Friday, February 03, 2012
Director: Ridley Scott
Writers: Hampton Fancher, David Webb Peoples, Philip K. Dick
Photography: Jordan Cronenweth
Editors: Marsha Nakashima, Terry Rawlings
Cast: Harrison Ford, Rutger Hauer, Sean Young, Edward James Olmos, M. Emmet Walsh, Daryl Hannah, Joanna Cassidy, William Sanderson, Brion James, Joe Turkel, Hy Pike
Did anyone have any sense how well regarded Blade Runner would ultimately become when it was first released? No one I knew. A few decades on, only Apocalypse Now and Raging Bull rank higher among movies made since 1979 on the big list at They Shoot Pictures, Don't They? Currently at #38, Blade Runner is the highest-ranked and most recent picture on the list until Fanny and Alexander, at #75, also from 1982, and only Kubrick's 2001 is ahead of it in the science fiction genre. The reputation this picture has won for itself in such a relatively brief time still surprises me a little. I mean, I liked it when it was new—but I also liked Diva (currently unranked) when it was new, around the same time, and I remember liking it more.
I'm not questioning how good Blade Runner is—in fact, I would have to say when I made a recent project of looking at it in all its permutations that it has worn remarkably well, and is indeed only better, a truly great picture. I'm not sure Ridley Scott ever made anything else within shouting distance of it, as much as I may like some of it or not, nor do I think his fiddling with three edits did much for it beyond removing the obnoxious voiceover accompanying the first version (and there's a case to be made for the utility of that element as certain plot points are blurred without it). But I'm also not prepared to argue that this is one of those happy-accident collaborations where everything falls right, such as Casablanca or The Third Man. It's definitely flawed. Maybe I just need to call it an early salvo in the reputation of Philip K. Dick, whose legacy still appears to be on the rise, and leave it at that.
In fact, it plays as much like noir as anything else (OK, neo-noir in color), for all its science fiction conceits. Rick Deckard (played by Harrison Ford) dons the figurative trench coat of Philip Marlowe and takes himself down dark and mean streets, neither tarnished nor afraid—but unsurprisingly with dubious motivations, hunting sentient androids on the run in a decaying metropolis. Of course he falls in love with one of them, and the only thing missing at that point is a wailing soulful saxophone on the soundtrack. Which is probably only because Vangelis, who supply the music, favored futuristic keyboards and synthesizers. It's there every other way.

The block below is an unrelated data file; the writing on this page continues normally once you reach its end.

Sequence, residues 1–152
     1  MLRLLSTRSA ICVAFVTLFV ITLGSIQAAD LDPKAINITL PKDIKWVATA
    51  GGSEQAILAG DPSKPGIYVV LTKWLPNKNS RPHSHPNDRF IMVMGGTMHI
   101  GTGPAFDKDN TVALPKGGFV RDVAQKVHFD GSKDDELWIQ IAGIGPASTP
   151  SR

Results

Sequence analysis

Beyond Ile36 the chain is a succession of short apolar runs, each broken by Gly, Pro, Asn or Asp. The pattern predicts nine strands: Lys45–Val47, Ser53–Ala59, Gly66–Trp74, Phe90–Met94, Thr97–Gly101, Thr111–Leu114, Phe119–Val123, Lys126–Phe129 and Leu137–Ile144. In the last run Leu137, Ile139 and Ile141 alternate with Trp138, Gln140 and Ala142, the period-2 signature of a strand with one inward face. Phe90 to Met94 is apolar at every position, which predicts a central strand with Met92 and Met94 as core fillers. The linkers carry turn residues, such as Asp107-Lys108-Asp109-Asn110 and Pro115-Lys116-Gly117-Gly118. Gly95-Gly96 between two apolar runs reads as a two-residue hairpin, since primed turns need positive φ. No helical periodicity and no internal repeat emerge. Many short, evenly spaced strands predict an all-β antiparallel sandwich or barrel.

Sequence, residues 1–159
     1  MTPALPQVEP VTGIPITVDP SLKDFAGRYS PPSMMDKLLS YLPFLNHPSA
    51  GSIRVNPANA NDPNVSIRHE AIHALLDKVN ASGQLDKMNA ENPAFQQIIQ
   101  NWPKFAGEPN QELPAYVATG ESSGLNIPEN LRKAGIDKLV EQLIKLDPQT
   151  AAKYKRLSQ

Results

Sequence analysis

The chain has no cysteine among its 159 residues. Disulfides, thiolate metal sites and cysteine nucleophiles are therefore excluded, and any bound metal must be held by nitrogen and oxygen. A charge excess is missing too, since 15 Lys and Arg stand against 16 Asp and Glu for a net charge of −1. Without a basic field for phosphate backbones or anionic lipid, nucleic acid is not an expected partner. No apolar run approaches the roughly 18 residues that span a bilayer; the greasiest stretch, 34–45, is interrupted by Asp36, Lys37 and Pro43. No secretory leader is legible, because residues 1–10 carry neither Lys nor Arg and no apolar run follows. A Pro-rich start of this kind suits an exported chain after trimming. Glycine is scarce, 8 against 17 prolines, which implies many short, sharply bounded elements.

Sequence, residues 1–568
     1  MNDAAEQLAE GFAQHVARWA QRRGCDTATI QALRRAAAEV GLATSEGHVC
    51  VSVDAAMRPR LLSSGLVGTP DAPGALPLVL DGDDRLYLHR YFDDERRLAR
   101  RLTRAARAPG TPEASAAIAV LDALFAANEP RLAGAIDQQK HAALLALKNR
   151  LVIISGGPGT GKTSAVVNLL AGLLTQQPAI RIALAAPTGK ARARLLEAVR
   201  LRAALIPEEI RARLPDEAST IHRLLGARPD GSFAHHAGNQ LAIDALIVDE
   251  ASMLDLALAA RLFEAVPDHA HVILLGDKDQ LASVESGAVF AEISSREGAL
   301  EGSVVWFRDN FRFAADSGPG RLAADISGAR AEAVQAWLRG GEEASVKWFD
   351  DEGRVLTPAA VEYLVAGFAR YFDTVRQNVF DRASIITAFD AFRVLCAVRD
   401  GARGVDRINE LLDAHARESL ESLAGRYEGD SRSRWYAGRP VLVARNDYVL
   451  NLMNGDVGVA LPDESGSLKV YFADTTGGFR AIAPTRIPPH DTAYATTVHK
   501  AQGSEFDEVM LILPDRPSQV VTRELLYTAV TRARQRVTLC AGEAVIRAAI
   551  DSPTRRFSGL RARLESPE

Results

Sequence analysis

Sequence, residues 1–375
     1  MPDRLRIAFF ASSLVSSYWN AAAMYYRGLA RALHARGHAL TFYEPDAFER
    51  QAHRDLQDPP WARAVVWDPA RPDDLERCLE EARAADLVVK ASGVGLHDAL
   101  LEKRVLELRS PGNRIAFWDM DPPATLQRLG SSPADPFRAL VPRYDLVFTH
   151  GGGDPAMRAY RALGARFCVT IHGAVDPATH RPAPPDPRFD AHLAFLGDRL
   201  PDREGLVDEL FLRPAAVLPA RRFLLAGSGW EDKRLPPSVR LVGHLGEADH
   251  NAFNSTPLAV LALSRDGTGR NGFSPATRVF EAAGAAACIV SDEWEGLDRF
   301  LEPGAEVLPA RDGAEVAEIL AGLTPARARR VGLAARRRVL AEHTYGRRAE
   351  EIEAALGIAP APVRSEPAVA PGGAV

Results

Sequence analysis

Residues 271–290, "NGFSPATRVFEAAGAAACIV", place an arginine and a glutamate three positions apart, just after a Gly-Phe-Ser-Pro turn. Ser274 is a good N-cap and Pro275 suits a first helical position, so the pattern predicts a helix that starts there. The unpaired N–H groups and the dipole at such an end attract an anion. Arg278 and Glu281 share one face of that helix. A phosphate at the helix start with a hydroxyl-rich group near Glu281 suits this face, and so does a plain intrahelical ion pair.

Yet in spite of all these heavy dick trappings it remains first and foremost a spooky near-future space opera of unparalleled instincts. It wears its accouterments well, including an environmentally ruined and overcrowded Los Angeles that is impossible to forget or to disbelieve, battered cars that fly, random barrages of sensory overload and unexplained details such as hooded midget street gangs or lines that recur out of place, a gaudy product placement that mocks Coca Cola with glee at the same time it promotes it, in the bombastic exteriors and cityscapes an unmistakable debt to a granddaddy of science fiction, Metropolis, and, of course, artificial intelligence run amok. How ya gonna keep 'em down on the farm when they've seen things you people wouldn't believe.
Blade Runner is dense with glistening surfaces, and if it occupies most of its time dancing across them, like light reflected on water, the oppressive sense of place that it creates—which is entirely believable, still—penetrates and leaves a mark, sailing past the cerebrum and into the brainstem where it belongs. It is pleased to go as slowly as it wants, creating allusive scenes that flow in and out of one another like hallucinatory memories, meditative and aching and poignant, its frames bursting with detail, affording one the time, barely, to take them in.
The set pieces of action, which come in violent bursts, contrast nicely with the lulling pace and mood, offering beauty of another sort. When Deckard catches up with and ultimately takes out his first android here, a pleasure-unit model named Zhora (played by Joanna Cassidy), whom he finds in a seedy joint, it is a spectacular sequence of color and dark and shattered glass and flung bodies and wailing keyboards.
Blade Runner gets overripe when it is pleased to do so as well. Doomed android Roy Batty (played by Rutger Hauer) huffs and puffs and struts his hour upon the stage—the hour that he knows too well is all he will ever get—blowing windy about "meeting my maker" and ironically venerating life and addressing bitterly as "father" the CEO of the corporation which built him; eventually Batty kills him in grotesque yet stylishly coherent fashion, and metaphorically grounded too. (Compare the "Star Trek" franchise, which later took this theme and beat it like a rented mule with its own android character, Data, who was a much more friendly sort and better lighted too.)
It's all too easy to go down rabbit holes of concept, as some fans may be wont to do, unfortunately with doggedly tiresome enthusiasm, e.g., is Deckard actually an android himself? It's easy and it might be tempting to see it that way but I don't care. I think the main pleasures of Blade Runner are in the way it looks and feels and moves, which is really about all anyone can ask from a movie, except maybe for a bag of popcorn too. In spite of all its various excesses, sometimes I think because of them, Blade Runner really works quite splendidly.